Rotational symmetry

1. Jun 6, 2009

adkinje

I've been following along with Lenny Susskinds lectures on modern classical mechanics on youtube.

at 34:30 he writes a few translation formulas on the board:
delta X = - epsilon Y
delta Y = epsilon X

It's not obvious to me why these equations are true. I can't seem to find a derivation anywhere, nor can I work one out myself. Any help?

Last edited by a moderator: Sep 25, 2014
2. Jul 9, 2009

EricAngle

I haven't watched the video, but if you perform a http://mathworld.wolfram.com/RotationMatrix.html" [Broken] by an angle $\theta$ about the $z$ axis on the vector ${\bf r} = \left(x,y,z\right)$, you get $r' = r + \Delta r = \left(\cos \theta x - \sin \theta y, \sin \theta x + \cos \theta y ,z\right)$. For $\theta = \epsilon$ infinitesimal, this becomes $r' = r + \delta r = \left(x - \epsilon y, \epsilon x + y ,z\right) = r + \left(- \epsilon y, \epsilon x ,0\right)$, so that $\delta x = - \epsilon y$ and $\delta y = - \epsilon x$.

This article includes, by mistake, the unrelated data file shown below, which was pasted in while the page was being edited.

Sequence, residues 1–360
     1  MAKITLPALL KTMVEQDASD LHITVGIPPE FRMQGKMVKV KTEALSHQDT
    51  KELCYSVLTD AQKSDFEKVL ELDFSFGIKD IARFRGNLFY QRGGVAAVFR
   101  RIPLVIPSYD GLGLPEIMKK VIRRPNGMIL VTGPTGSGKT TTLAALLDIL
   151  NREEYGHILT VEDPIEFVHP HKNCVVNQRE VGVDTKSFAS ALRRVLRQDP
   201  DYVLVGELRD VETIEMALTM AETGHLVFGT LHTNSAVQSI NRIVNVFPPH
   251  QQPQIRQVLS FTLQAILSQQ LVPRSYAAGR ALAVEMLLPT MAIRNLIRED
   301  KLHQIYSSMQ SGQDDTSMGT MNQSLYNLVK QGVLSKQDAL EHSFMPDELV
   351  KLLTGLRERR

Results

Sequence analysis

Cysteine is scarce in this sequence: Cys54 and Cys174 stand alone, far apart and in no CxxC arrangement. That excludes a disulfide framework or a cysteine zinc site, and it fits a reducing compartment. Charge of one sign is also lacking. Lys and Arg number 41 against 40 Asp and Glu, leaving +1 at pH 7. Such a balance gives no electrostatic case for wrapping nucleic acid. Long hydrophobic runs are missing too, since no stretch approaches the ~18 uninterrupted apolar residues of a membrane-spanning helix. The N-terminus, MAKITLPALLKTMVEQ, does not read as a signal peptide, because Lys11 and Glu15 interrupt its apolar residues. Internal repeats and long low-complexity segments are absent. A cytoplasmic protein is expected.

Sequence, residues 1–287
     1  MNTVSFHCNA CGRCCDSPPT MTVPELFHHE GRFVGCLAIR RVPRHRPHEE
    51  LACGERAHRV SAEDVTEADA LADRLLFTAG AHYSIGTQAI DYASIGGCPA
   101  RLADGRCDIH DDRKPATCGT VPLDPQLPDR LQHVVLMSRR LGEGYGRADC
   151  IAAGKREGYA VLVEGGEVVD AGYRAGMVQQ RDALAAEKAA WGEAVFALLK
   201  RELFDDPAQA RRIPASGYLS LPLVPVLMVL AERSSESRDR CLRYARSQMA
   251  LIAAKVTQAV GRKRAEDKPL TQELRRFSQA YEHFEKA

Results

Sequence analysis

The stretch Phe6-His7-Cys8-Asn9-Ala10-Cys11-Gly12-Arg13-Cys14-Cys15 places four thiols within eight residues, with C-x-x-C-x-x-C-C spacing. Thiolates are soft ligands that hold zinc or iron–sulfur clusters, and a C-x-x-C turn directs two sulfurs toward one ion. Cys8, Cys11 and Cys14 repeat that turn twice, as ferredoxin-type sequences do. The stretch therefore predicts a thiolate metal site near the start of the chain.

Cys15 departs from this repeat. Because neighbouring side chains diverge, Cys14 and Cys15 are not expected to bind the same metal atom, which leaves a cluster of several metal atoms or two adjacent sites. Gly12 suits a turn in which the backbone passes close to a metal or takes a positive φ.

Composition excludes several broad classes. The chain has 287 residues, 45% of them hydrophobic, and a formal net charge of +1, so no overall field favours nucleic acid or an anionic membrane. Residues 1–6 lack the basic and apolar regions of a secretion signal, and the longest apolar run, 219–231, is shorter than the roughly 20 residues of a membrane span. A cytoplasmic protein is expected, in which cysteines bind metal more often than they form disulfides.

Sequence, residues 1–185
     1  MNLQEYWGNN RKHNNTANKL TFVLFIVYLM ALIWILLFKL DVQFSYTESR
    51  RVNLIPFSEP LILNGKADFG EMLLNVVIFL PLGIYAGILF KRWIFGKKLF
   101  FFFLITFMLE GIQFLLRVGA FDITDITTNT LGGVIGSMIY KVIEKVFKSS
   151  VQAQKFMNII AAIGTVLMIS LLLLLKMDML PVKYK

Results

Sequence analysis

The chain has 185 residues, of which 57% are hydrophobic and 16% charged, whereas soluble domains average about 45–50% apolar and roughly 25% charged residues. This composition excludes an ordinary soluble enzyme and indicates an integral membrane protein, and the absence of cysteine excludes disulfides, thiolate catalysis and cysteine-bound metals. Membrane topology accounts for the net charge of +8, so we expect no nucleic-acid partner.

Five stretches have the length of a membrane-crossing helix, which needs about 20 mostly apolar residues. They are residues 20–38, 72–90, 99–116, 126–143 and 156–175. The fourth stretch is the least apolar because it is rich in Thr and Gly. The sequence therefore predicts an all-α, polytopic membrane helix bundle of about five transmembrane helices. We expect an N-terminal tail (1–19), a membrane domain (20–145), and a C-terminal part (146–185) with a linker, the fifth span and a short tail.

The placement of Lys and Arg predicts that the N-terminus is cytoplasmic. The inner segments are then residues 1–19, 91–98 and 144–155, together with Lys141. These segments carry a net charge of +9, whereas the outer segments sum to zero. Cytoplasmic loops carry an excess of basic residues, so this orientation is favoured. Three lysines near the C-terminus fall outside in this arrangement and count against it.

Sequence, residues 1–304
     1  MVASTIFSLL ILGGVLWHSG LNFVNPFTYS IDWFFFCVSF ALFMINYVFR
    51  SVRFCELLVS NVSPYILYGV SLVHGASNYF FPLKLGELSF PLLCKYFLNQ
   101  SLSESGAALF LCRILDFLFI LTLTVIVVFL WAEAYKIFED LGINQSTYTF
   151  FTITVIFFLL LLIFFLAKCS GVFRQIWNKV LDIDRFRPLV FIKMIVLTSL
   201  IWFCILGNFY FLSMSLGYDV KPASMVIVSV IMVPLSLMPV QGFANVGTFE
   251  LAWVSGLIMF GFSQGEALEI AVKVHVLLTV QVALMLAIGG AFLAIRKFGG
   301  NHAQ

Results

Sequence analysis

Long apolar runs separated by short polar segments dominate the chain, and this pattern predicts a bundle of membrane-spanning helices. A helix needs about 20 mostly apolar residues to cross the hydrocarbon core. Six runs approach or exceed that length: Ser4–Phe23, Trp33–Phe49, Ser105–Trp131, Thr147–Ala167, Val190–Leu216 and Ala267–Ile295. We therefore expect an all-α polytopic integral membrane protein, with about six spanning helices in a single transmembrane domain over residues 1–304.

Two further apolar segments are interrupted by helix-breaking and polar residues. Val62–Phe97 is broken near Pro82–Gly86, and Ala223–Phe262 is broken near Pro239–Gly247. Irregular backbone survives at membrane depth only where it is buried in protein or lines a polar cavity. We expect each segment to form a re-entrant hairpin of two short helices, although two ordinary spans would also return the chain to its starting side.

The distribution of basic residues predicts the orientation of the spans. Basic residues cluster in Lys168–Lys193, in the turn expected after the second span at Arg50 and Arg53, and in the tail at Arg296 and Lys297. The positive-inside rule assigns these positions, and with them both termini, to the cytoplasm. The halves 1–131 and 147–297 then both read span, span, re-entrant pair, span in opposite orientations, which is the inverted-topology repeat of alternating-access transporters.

Last edited by a moderator: May 4, 2017
3. Jul 14, 2009

adkinje

thanks, that's what I was looking for.

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